Background: Ambient particulate matter (PM) exposure has been associated with short- and long-term effects on cardiovascular disease (CVD). Telomere length (TL) is a biomarker of CVD risk that is modified by inflammation and oxidative stress, two key pathways for PM effects. Whether PM exposure modifies TL is largely unexplored.
Objectives: To investigate effects of PM on blood TL in a highly-exposed population.
Methods: We measured blood TL in 120 blood samples from truck drivers and 120 blood samples from office workers in Beijing, China. We measured personal PM(2.5) and Elemental Carbon (EC, a tracer of traffic particles) using light-weight monitors. Ambient PM(10) was obtained from local monitoring stations. We used covariate-adjusted regression models to estimate percent changes in TL per an interquartile-range increase in exposure.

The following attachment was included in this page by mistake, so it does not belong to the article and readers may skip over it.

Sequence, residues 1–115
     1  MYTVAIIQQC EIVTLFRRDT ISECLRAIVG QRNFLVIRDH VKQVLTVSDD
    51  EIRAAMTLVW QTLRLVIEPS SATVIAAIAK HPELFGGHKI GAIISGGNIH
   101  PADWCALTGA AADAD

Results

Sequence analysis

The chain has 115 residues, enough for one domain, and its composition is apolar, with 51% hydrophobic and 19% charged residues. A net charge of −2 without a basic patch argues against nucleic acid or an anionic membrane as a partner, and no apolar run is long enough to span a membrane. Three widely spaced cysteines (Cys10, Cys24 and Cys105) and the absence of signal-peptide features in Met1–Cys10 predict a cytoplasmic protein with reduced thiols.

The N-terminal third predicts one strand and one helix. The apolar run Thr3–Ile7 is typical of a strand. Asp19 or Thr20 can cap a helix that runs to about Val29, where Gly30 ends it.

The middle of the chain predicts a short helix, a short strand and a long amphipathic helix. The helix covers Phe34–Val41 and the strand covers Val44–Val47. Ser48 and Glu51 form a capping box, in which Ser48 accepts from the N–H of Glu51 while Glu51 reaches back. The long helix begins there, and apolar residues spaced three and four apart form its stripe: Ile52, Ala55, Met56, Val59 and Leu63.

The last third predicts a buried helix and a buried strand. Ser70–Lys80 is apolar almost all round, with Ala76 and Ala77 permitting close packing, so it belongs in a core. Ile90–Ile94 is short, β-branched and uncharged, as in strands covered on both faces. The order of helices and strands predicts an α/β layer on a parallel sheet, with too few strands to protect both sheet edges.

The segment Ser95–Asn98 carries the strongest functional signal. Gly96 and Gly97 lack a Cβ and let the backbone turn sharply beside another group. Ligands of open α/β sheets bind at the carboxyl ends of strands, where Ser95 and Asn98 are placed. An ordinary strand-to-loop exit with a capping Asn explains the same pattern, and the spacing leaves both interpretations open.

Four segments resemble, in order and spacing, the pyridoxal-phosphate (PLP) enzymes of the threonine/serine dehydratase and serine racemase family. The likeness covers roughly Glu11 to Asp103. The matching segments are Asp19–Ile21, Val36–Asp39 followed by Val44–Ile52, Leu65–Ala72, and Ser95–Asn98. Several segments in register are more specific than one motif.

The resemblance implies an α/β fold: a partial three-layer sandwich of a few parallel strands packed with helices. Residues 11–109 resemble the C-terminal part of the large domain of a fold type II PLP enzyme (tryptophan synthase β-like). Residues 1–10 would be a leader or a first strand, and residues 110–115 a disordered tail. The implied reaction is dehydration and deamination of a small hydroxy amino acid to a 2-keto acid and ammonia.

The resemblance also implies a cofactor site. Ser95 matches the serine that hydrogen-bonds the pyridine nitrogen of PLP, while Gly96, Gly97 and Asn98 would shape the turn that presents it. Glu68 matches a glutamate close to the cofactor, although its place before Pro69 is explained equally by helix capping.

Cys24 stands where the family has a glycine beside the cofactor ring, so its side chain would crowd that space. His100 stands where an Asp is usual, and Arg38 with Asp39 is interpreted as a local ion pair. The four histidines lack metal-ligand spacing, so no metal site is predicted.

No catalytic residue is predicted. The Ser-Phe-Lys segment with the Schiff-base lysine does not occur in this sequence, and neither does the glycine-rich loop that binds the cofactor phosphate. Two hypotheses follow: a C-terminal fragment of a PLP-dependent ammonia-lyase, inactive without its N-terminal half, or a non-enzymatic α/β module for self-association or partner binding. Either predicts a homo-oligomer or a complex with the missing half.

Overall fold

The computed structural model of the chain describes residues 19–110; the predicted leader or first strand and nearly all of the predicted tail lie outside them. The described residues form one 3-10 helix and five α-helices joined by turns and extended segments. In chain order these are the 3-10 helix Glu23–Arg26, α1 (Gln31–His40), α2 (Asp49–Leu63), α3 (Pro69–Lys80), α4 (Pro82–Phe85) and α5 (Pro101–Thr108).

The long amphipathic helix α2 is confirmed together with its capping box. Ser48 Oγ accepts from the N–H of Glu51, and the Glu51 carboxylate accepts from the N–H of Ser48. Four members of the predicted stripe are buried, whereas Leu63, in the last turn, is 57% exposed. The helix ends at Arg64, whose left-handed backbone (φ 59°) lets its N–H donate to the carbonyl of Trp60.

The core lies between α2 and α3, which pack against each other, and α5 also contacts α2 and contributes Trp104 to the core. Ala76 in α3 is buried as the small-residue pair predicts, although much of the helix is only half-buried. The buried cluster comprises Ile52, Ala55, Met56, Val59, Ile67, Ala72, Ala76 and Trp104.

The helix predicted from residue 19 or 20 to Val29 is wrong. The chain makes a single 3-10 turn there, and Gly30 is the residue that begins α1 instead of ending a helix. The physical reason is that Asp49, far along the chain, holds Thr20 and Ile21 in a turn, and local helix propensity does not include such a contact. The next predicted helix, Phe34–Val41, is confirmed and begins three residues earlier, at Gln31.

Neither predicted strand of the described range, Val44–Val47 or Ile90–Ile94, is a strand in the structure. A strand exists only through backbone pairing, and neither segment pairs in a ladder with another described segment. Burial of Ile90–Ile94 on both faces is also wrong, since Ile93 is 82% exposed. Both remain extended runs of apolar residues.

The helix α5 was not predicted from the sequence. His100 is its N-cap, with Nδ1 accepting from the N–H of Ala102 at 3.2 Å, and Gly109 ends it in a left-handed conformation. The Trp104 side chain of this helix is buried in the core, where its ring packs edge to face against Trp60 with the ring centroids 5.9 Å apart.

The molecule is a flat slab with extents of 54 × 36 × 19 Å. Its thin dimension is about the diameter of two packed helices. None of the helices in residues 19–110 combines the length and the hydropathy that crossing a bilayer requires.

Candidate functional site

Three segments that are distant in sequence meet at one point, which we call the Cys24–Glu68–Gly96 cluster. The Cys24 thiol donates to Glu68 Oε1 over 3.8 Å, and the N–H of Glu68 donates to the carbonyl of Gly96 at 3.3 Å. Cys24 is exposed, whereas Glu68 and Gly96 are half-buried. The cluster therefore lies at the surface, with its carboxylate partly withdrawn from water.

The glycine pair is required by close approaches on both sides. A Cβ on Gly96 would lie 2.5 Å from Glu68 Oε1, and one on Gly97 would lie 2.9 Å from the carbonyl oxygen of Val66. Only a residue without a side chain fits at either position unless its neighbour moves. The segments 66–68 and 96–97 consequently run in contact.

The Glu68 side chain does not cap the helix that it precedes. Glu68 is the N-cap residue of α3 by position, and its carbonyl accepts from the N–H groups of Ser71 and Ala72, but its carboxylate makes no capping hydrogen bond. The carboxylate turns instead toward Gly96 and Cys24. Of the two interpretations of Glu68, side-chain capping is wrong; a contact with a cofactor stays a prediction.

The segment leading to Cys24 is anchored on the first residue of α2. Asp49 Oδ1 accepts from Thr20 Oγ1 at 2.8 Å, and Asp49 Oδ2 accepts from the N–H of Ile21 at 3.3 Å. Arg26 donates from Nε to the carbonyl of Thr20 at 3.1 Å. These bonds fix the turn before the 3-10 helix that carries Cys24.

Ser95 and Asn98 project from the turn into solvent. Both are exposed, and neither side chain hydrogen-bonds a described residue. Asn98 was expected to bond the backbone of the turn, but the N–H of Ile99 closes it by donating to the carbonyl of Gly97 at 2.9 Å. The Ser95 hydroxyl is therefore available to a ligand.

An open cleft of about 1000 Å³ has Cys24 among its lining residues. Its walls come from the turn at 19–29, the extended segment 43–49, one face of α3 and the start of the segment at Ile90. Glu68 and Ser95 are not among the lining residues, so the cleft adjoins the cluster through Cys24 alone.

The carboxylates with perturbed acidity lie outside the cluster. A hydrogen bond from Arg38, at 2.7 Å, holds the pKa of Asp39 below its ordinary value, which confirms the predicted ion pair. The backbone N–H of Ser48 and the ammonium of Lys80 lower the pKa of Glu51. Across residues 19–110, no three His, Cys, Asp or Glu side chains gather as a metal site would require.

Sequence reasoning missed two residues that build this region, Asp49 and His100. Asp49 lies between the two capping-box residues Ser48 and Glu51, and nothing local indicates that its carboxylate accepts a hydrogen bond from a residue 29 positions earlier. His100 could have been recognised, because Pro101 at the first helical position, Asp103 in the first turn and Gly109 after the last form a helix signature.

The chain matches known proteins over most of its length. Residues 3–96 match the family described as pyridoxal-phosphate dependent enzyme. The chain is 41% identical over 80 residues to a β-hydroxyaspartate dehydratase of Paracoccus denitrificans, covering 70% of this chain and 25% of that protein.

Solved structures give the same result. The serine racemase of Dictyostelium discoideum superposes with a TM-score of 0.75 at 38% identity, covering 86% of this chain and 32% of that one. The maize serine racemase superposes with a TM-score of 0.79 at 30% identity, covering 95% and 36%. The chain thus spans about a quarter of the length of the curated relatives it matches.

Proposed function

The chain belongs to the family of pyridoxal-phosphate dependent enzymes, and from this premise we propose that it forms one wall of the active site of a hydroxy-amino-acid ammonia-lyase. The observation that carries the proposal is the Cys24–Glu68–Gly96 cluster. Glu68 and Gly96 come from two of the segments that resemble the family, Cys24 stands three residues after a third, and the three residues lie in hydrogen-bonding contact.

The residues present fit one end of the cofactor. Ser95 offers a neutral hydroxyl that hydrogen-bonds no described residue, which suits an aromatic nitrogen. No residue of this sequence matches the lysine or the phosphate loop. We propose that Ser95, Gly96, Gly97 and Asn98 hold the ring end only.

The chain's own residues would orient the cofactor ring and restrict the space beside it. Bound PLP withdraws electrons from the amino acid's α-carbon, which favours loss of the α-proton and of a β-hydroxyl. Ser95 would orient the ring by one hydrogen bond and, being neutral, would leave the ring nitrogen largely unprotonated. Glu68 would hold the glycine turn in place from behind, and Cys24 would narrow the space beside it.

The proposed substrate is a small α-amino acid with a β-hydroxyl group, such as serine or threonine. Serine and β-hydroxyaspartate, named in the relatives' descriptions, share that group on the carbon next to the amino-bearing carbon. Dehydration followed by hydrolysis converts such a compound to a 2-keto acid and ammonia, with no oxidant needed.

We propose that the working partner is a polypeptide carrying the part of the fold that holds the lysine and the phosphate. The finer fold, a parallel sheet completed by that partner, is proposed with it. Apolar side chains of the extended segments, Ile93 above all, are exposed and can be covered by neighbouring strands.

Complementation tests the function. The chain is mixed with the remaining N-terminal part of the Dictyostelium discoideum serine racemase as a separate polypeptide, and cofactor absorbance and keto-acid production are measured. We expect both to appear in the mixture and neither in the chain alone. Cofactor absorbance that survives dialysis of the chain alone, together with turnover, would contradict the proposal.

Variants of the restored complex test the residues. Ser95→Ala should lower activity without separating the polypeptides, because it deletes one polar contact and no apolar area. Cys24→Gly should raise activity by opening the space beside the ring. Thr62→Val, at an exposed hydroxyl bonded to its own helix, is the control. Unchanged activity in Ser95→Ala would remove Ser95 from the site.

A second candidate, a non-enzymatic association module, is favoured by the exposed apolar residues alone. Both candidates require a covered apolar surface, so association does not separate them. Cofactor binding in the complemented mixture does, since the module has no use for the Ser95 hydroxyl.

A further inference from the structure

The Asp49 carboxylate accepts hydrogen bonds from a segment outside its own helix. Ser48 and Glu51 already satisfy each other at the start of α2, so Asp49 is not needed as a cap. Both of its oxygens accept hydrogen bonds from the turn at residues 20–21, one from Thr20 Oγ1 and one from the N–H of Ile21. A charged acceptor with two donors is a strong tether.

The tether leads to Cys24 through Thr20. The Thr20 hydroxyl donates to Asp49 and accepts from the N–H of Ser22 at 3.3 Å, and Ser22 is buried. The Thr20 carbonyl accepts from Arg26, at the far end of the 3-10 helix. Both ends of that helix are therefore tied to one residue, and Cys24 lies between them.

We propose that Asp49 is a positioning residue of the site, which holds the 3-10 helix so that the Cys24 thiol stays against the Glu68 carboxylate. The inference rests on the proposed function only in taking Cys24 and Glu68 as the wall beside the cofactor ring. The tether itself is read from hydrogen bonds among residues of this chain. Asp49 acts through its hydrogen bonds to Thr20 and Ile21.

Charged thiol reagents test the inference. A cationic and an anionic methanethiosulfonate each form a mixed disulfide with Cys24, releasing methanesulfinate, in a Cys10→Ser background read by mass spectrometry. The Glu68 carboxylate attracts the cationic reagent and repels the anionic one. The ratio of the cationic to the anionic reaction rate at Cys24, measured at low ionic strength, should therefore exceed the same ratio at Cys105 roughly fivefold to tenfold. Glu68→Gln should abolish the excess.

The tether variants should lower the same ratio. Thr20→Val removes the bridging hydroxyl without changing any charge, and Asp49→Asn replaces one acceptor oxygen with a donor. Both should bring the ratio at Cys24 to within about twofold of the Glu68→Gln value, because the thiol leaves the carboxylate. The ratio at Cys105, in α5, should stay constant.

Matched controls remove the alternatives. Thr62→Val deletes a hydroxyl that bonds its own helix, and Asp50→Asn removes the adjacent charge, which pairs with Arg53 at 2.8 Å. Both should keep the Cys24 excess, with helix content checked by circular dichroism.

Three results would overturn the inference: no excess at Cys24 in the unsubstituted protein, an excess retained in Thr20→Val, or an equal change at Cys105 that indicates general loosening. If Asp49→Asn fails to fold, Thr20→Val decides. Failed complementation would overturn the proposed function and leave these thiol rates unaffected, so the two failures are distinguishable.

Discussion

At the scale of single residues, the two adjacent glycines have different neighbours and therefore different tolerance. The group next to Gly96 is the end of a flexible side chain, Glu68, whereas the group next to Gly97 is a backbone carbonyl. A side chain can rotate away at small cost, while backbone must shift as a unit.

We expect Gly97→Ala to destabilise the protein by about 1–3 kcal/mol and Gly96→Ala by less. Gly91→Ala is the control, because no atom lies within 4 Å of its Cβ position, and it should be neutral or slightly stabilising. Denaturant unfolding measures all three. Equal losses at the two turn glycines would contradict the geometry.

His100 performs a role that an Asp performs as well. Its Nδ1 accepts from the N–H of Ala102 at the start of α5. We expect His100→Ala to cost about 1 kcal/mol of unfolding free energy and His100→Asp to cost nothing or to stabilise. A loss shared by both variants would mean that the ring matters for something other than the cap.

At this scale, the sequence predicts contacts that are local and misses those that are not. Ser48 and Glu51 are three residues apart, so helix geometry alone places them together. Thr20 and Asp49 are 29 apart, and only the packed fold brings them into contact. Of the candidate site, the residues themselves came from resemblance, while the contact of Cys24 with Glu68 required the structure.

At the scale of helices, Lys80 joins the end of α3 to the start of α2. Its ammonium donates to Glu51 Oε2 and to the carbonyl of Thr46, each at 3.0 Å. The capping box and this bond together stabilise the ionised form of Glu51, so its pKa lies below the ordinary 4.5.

Results: Covariate-adjusted TL was higher in drivers (mean=0.87, 95%CI: 0.74; 1.03) than in office workers (mean=0.79, 95%CI: 0.67; 0.93; p=0.001). In all participants combined, TL increased in association with personal PM(2.5) (+5.2%, 95%CI: 1.5; 9.1; p=0.007), personal EC (+4.9%, 95%CI: 1.2; 8.8; p=0.01), and ambient PM(10) (+7.7%, 95%CI: 3.7; 11.9; p<0.001) on examination days. In contrast, average ambient PM(10) over the 14 days before the examinations was significantly associated with shorter TL (-9.9%, 95%CI: -17.6; -1.5; p=0.02).
Conclusions: Short-term exposure to ambient PM is associated with increased blood TL, consistent with TL roles during acute inflammatory responses. Longer exposures may shorten TL as expected after prolonged pro-oxidant exposures. The observed TL alterations may participate in the biological pathways of short- and long-term PM effects.
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